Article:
The Pleasure of Finding Oracle Things Out
Yesterday I was speaking with a colleague about various technical topics (as we frequently do) and he brought up a good question. He remembered reading that upon the issuance of the ALTER TABLESPACE END BACKUP command Oracle creates a redo record with the begin backup SCN and he wanted to know why Oracle needed to put this SCN in the redo record? More specifically, why doesn’t Oracle create the end backup marker in the redo stream with just the file number? Then during recovery, Oracle could simply read this redo record and consider all “hot-backup-necessary” redo for that file applied?
That seemed like a fair question. I told him that I had seen this begin backup SCN in a log file dump associated with an END BACKUP statement. So, I knew the information he read is correct. However, I could not immediately give him an answer for this mechanic. Of course, the fact that I could not initially get my mind around the mechanic and formulate a response other than, “I don’t really know” bothered me. I assume it is fairly common knowledge that all redo between the BEGIN BACKUP and END BACKUP commands is required for recovery; every good backup and recovery guide tells us this. But, I really didn’t know why the begin backup SCN was required in the redo record created from the END BACKUP statement.
I took pen to paper and reviewed what I knew of the END BACKUP statement.
- When issued it tells Oracle to unfreeze the frozen section of the header. Notice I said section. The entire header of each affected file is not immutable during the course of a user-managed hot backup. For instance, the hot backup SCN and checkpoint counter in the header is moving in accord with the database changes to the file(s).
- Oracle updates the master checkpoint SCN in the file header and control file with the hot backup SCN (the current SCN for the file). Remember a file in backup mode is still subject to normal modifications, checkpoints, etc.
- The status in the file header goes from 0x1 (hot backup mode) to 0x4 (normal online mode).
- A redo record for each file in the tablespace is created with the file number and begin backup SCN.
- During recovery after the end backup redo record is encountered the file in question has its status updated from 0x1 (hot backup mode) to 0x0 (consistent mode).
Here is an example of a redo record created for a file affected by the END BACKUP statement. I have bolded the begin backup SCN.
SCN: 0x0000.004b0b57 SUBSCN: 1 02/23/2006 15:59:59
CHANGE #1 MEDIA RECOVERY MARKER SCN:0x0000.00000000 SEQ: 0 OP:17.1
End backup marker - file:3 scn: 0x0000.004b0b4c
Okay, let me return to my colleague’s question. Why does Oracle place the begin backup SCN in the redo record and not just the file number? Consider the following:
At time y we take a complete hot backup of our production database. Of course we cannot instantaneously take a backup at a single point in time as it takes some time to get all tablespaces in hot backup mode. But, for the sake of this example let y be the “time” we associate with our most recent backup of the database. We also have complete hot backups of our database at times y-n, and y-2n where n is a day, week or some other arbitrary time interval.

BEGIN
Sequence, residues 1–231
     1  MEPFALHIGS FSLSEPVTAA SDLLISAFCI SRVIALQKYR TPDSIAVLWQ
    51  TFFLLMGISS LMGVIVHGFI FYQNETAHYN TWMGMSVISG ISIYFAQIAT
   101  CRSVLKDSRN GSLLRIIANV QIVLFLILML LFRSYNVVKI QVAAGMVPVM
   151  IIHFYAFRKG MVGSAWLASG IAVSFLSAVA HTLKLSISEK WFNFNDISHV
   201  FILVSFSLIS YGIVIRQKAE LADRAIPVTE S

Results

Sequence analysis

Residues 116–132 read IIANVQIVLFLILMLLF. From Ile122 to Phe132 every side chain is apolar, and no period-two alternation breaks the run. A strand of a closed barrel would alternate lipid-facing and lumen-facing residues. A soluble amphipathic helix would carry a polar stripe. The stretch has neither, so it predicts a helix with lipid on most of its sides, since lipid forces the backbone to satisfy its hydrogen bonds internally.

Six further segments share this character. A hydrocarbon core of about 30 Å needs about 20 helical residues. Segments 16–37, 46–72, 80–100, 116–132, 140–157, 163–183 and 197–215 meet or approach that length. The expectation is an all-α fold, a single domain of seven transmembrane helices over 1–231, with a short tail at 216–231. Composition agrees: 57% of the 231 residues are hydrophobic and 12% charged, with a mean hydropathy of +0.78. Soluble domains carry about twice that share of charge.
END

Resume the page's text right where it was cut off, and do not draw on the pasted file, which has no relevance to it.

What happens if we restore all but one of our files from the backup taken at y. Maybe, we had a corrupt version restored for one of the files and we had to restore a copy from the y-2n backup. That is, we have one file restored from y-2n and the rest from y. Our recovery would start using log files from y-2n as that is the oldest file in our restored database. In our redo stream we have redo records for the END BACKUP commands for the files backed up during the y-2n backup. Remember, each of these redo records contains this mysterious begin backup SCN. While rolling forward Oracle would hit these redo records from the y-2n complete hot backup. What would happen if Oracle simply put the file number in the redo record for the END BACKUP command? It would immediately update the file headers to 0x0 (file is consistent and needs no further “hot-backup-necessary” redo) for the files backed up at y. Well, this would cause major issues. The recovery would stop after all redo records containing the end backup marker from the y-2n backup had been encountered. However, Oracle provided another level of protection from this scenario, the begin backup SCN.
From the previous scenario, with the begin backup SCN embedded in the redo record for each file, Oracle would continue to recover through the necessary redo. It would consider a file consistent only when it found the redo record for the end backup statement that contained the begin backup SCN that corresponds with the begin backup SCN stored in the file header. The begin backup SCN is a portion of the frozen section of the file header when the BEGIN BACKUP command was issued.
All is well, now that it feels I have gotten my mind around this one.